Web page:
For me, I spent the past two years  writing my hunger book.  I felt as if I’d gone into a cave…a writer’s cave.  And, of course, with all this time in the cave, the inevitable finally  happened:  a book signing.

I finished the book!  Not only that, I’m working on the follow-on volume.  But, that’s getting off message.

A book signing is always appropriate in September.

Where?  I’m  selling the book at the Mower’s Meadow Flea Market in Woodstock.  Somehow, I feel this was the logical direction I was headed from the first day:  a book signing.

I sell the book….and a lot more.  While selling  the book, people purchase other used books and gently used items to raise money for the hungry.

I’m selling items and collecting donations to buy peanut butter for a pantry which doesn’t have any on the shelves on the day I call the pantry.  Why peanut butter?

Peanut butter doesn’t need refrigeration.

It can be eaten by people who no longer have teeth.

Peanut butter has a generous shelf life.

For homeless people, peanut butter is a staple.

But, getting back to the basics,  people are dropping gently used items off at my home.  I wash them, or dust them off, and otherwise freshen them up and then take them to Mower’s Meadow on Saturdays, Sundays, and Wednesdays.

The prices are reasonable.  The items are really nice.  People fighting hunger are being  really generous.

Lucy and Erin made a wonderful banner for my booth so  people know what’s happening in the booth.

Thank you for reading this blog post.  Please refer it to your preferred social media network.

I look forward to seeing you at the Book Signing  at 10:00 on the 22nd!

Thurman Greco

 

 

9 Things You Can Do to Cut Out the Unhealthy Salt in Your Life So You Can Be Healthier

 

If being involved in a pantry does nothing else, it teaches us to be aware of the impact that salt has on our health.  Getting too much salt, and getting the wrong salt, are two important things we need to learn about in order to be healthier.

An important ingredient in fast food is salt.  Many canned soups we eat at home have unrealistically high amounts of salt.  Salt is everywhere!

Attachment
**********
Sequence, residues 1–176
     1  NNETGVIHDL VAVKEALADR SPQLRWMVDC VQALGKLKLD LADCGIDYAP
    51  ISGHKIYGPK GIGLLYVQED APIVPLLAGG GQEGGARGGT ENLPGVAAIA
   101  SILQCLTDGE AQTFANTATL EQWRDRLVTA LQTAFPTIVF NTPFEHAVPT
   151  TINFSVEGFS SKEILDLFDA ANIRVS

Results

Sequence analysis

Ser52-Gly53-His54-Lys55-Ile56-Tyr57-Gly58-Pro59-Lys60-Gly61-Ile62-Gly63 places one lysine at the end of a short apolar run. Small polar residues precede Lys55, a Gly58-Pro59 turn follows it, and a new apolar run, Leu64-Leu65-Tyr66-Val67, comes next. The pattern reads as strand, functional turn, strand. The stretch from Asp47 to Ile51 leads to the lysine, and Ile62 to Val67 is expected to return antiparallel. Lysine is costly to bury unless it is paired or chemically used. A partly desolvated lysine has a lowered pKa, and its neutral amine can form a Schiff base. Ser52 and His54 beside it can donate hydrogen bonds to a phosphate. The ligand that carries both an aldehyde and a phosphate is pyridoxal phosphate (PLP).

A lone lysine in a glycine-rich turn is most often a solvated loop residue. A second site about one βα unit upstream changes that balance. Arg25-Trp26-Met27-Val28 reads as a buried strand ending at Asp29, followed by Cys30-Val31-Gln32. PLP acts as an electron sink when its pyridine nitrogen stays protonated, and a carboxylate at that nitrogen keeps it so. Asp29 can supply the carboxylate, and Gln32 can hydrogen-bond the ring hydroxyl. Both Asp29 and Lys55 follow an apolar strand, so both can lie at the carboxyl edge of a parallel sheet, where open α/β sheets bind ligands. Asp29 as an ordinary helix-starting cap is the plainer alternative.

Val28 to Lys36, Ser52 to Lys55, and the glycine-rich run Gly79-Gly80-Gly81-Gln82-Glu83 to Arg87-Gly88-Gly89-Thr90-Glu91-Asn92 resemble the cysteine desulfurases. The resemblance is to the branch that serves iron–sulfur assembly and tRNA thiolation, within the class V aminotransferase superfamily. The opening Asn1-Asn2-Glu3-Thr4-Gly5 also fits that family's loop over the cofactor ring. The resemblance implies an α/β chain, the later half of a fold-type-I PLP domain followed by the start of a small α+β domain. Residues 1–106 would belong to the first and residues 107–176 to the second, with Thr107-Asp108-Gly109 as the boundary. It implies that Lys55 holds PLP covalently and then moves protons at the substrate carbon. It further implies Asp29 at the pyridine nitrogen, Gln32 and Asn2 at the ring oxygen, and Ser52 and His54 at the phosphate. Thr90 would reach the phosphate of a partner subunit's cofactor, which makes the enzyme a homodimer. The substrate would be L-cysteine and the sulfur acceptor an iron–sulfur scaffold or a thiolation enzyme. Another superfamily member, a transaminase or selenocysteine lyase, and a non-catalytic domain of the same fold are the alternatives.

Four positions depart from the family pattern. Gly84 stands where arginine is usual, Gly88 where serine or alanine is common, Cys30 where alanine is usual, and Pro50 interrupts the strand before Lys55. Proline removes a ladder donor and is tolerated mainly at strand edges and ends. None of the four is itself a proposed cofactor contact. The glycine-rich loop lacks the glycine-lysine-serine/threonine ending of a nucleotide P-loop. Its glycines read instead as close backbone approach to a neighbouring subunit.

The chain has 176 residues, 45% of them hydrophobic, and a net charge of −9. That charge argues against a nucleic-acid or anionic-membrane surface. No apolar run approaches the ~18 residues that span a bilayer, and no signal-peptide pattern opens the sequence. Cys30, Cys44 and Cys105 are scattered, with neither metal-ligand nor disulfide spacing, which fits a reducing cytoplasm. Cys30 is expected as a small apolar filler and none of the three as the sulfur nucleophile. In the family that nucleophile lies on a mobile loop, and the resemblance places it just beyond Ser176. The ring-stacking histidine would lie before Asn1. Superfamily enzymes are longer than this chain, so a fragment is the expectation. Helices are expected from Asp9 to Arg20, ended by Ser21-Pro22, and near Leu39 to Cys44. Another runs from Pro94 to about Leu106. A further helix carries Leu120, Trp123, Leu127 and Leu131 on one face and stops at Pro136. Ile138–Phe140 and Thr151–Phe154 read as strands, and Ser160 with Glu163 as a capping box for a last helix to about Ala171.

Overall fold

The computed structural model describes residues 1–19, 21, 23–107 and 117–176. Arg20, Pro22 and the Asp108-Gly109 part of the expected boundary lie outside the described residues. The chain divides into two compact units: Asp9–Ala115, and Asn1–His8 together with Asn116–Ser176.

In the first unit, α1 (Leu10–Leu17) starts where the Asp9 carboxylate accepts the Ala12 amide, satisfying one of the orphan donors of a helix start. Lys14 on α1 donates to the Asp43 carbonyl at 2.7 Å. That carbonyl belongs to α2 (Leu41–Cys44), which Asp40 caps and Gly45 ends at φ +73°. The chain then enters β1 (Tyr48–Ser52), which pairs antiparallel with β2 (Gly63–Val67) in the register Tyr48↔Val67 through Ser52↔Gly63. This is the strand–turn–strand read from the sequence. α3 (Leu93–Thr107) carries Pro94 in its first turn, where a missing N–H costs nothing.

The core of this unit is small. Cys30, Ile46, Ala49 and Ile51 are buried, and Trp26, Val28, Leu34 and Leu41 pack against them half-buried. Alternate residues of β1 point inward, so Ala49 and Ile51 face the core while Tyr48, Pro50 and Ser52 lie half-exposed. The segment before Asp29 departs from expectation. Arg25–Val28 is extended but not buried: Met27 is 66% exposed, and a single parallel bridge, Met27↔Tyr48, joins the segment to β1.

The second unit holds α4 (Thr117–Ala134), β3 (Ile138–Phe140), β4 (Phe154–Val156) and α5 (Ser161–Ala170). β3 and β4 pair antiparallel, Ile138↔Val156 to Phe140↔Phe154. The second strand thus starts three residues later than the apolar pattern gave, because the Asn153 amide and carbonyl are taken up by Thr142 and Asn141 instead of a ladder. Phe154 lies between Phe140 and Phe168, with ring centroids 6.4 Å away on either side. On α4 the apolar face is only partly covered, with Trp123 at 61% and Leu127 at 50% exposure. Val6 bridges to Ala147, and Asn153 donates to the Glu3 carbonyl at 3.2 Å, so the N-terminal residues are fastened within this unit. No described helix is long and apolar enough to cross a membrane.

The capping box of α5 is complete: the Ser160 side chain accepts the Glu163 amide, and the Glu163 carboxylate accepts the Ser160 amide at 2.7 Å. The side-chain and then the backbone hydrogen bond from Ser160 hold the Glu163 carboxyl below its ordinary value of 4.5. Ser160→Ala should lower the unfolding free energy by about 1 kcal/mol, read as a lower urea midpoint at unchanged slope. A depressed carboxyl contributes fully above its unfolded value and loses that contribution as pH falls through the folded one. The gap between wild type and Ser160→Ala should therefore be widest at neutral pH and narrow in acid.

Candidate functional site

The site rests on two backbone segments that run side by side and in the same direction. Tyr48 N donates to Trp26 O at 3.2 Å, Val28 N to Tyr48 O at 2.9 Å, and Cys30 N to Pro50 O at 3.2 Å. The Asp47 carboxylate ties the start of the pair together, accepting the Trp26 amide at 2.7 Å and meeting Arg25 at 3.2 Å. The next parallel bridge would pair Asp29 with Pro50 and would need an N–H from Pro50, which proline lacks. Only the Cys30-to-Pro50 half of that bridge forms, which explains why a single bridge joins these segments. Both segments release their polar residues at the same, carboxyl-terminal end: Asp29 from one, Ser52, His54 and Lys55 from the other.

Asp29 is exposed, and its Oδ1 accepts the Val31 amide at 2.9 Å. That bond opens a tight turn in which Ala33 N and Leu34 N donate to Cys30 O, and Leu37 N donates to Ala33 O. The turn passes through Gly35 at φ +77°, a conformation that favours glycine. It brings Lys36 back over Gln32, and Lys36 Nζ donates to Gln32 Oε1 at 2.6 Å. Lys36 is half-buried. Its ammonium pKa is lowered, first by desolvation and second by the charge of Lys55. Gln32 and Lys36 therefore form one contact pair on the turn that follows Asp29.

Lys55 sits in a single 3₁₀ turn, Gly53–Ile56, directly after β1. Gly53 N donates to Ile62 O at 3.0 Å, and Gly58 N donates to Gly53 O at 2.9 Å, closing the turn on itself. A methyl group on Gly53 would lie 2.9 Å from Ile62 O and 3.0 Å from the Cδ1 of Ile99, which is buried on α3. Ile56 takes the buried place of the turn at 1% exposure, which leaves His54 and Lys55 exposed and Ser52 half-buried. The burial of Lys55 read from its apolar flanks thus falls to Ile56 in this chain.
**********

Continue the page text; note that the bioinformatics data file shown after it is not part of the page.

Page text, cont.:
1.  ADD CELERY TO YOUR MEALS WHENEVER YOU CAN.  Sprinkle chopped celery on salads, soup, cooked vegetables, cooked meats.  Be generous.  Celery  offers a crunch, and has potassium, something we all need.  If you can get enough celery at the pantry, stuff it with peanut butter for a healthy meal or snack.  If you suffer with hypertension, eat generous amounts of celery every day.

2.  WHEN YOU MAKE SALADS WITH  ONIONS, AND RADISHES, YOU WON’T MISS THE SALT AT ALL.

3.  BE GENEROUS WITH PEPPER AND HERBS.

4.  GO FOR EDIBLE FLOWERS.  Experiment with herbs and flowrs on your salads:  chives, dandelions, garlic, mint, nasturtiums, onions, violets.

5.  CHOPPED FRESH GREEN BEANS ARE GOOD TASTE TREATS ON SOUPS, SALADS, VEGETABLES.

6.  LOW SODIUM CANNED BEANS SUCH AS PINTOS, CHICKPEAS, BLACK, KIDNEY MAKE GOOD ADDITIONS TO SALADS, SOUPS, VEGETABLES.

7.  MAKE YOUR OWN CROUTONS.  Your homemade variety will be just as tasty if you rub the bread with garlic before preparation and then sprinkle them with herbs.

8.  MAKE YOUR OWN SOUP.  The best soups come without a label.  What you prepare at home can have less fat, salt, sugar, MSG and preservatives.  Substitute herbs.

9.  SALAD DRESSING YOU MAKE AT HOME CAN BE MORE FLAVORFUL IF YOU CAN USE UNREFINED OILS.  That way, you’ll get healthy fats, vitamins, and distinctive flavors.

Thank you for reading this blog.

Please share this article with your preferred social media network.

There will be more posts in the future about healthy eating and at least one will feature Real Salt, which I recommend.  Hope you find them both fun and interesting.

Peace and food for all.

Thurman Greco

An Important Article from Aging in Place

THE FACTS BEHIND SENIOR HUNGER

Seniors Being Hungry is a Nationwide Epidemic

Nearly one in every six seniors in America faces the threat of hunger and not being properly nourished. This applies to those who aren’t sure where their next meal is coming from and those who don’t have access to the healthiest possible food options. The issue is severe enough that the AARP reports that seniors face a healthcare bill of more than $130 billion every year due to medical issues stemming from senior hunger.

Senior hunger is an expansive issue that requires an understanding of exactly what constitutes a senior being “hungry,” the issues that stem from senior hunger, and how seniors who are hungry can be helped.

To understand the concept of seniors being hungry, you must understand what it means to be “food insecure.” When you are food insecure, it means that there is “limited or uncertain availability of nutritionally adequate and safe foods or limited or uncertain ability to acquire acceptable foods in socially acceptable ways,” as defined by a study published in The Journal of Nutrition. Essentially, it means that you aren’t receiving and/or don’t have access to the necessary foods and nutrients to help sustain your life.

The concept of being “hungry” is a state-of-mind, meaning that there is a physical aspect to the lack of food. Attending to an area where people are hungry and basically starving is a much more immediate and severe problem to solve. Being food insecure, on the other hand, helps include people who may have enough food and don’t technically live consistently in hunger, but the food they are eating—usually in large amounts—isn’t up to nutritional and dietary standards.